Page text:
Pancreatic cancer is one of the deadliest forms of cancer, with very few effective treatments. But messenger RNA (mRNA) vaccines—famous for their ability to prevent COVID—are starting to show some promise against the lethal cancer. In a recent early-stage trial, half of pancreatic cancer patients who received a personalized mRNA cancer vaccine after surgery did not have a recurrence of the tumor a year and a half later. The trial, which was described in a study published on Wednesday in Nature, was small—with just 16 patients—and it will need to be replicated in larger studies.

“I am very supportive of the findings,” says Drew Weissman, director of vaccine research and director of the Institute for RNA Innovation at the University of Pennsylvania, who is a pioneer of mRNA vaccines but was not involved in the new paper. He adds that “it is not a definitive proof-for-use study. Larger studies are needed to determine effectiveness.”

Pancreatic ductal adenocarcinoma, the most common type of pancreatic cancer, has a mortality rate of 88 percent. It is the third leading cause of death from cancer in the U.S. and is becoming more common. Surgery is the main form of treatment, but the cancer has a 90 percent recurrence rate at seven to nine months. Chemotherapy is only partially effective at delaying recurrence. Other treatments, such as immunotherapy, are mostly ineffective.

Pancreatic cancer often goes undetected until its later stages, when it is harder to treat. One reason it is so sneaky is that it generates relatively few of a type of surface proteins, called neoantigens, that mark it as foreign and trigger an immune response. Scientists had noticed that people who survived pancreatic cancer had a stronger response to these neoantigens from T cells, a type of immune cell.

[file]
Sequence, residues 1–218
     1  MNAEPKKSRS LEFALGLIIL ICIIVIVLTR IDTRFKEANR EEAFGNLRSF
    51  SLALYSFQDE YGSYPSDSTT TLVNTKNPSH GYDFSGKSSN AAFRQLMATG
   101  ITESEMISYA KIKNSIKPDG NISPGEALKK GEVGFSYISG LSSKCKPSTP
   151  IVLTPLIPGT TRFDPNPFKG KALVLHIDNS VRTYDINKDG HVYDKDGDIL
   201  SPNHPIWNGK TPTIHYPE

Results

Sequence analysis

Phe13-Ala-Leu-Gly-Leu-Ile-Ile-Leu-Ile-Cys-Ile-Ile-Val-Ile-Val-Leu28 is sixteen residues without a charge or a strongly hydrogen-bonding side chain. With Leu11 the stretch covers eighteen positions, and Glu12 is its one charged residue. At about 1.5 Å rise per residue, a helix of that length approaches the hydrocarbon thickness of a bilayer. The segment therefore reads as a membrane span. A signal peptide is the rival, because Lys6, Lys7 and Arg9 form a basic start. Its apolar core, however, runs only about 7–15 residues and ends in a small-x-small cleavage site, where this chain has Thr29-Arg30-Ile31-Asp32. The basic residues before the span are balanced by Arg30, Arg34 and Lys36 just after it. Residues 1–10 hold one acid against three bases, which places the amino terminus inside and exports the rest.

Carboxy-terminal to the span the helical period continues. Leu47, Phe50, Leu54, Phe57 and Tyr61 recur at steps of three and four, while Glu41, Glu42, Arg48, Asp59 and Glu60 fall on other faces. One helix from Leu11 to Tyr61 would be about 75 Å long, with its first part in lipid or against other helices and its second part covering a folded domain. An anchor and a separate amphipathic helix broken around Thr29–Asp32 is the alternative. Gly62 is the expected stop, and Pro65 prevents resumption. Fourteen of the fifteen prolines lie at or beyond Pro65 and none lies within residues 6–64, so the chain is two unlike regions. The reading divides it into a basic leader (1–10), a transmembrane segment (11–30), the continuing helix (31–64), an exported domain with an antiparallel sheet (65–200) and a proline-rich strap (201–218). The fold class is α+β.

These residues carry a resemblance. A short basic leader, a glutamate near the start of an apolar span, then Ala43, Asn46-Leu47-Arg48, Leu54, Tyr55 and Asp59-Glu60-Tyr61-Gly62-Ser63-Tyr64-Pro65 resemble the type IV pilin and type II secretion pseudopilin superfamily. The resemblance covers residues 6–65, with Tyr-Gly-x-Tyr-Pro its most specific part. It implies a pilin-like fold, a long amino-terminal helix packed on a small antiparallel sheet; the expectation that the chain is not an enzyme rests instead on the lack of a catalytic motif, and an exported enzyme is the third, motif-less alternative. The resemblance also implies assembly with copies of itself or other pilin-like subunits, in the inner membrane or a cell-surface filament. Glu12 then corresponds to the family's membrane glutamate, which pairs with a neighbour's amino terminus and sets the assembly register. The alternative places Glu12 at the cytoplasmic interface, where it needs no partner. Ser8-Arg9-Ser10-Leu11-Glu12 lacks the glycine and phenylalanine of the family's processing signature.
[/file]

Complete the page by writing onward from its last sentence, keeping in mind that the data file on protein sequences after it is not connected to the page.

In the new study, Vinod Balachandran, an assistant attending surgeon at Memorial Sloan Kettering Cancer Center in New York City, and his colleagues targeted pancreatic cancer patients’ own tumor neoantigens using mRNA technology—the same technology used to create the remarkably successful COVID vaccines. The experimental vaccines used by Balachandran and his colleagues were produced by BioNTech, a company that developed one of the COVID vaccines with Pfizer. The researchers vaccinated a total of 16 patients. After surgically removing the tumors, they treated the patients with mRNA vaccines tailored to each person’s specific cancer, as well as an adjuvant, a substance that increases the effects of vaccines. Fifteen of the participants were also treated with chemotherapy.

Eight of the 16 patients generated a strong T cell response to the vaccines. At a median follow-up time of 18 months after the treatment, these individuals had longer survival, without a recurrence of their cancer.

The study was small and involved only white patients. And the therapy—which is expensive—does not work for everyone with pancreatic cancer. Nevertheless, experts say it is a promising development for a disease with such limited treatment options.